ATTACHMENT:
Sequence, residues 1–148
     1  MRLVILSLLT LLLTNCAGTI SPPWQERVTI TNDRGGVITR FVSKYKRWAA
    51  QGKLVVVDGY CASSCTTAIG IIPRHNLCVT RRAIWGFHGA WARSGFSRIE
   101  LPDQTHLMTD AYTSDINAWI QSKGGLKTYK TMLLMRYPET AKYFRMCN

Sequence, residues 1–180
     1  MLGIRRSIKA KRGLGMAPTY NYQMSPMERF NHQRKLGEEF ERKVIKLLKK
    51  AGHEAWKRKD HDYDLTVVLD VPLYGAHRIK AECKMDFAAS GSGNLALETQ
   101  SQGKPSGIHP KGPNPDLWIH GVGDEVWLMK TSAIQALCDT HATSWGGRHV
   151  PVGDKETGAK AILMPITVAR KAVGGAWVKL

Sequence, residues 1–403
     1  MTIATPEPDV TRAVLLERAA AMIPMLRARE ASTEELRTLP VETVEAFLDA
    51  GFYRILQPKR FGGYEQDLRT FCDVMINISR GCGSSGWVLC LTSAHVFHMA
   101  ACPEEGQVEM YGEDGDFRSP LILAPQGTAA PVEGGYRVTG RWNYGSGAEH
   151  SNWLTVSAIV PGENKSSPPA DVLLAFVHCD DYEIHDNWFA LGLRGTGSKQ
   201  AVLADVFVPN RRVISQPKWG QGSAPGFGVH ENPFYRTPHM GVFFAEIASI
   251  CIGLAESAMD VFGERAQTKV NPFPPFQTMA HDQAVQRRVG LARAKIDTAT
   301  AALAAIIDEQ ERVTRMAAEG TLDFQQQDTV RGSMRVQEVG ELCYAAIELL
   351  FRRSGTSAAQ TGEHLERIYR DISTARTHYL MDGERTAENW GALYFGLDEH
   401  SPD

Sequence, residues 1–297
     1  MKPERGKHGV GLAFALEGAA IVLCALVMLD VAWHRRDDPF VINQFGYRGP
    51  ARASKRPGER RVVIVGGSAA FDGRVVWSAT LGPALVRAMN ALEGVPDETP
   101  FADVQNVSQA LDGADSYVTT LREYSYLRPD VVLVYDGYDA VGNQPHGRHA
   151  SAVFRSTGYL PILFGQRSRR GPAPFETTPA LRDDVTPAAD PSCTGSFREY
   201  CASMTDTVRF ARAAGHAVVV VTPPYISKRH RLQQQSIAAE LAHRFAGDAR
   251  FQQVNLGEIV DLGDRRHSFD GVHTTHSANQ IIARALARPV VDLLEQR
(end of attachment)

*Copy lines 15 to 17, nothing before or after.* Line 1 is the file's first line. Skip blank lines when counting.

   201  AVLADVFVPN RRVISQPKWG QGSAPGFGVH ENPFYRTPHM GVFFAEIASI
   251  CIGLAESAMD VFGERAQTKV NPFPPFQTMA HDQAVQRRVG LARAKIDTAT
   301  AALAAIIDEQ ERVTRMAAEG TLDFQQQDTV RGSMRVQEVG ELCYAAIELL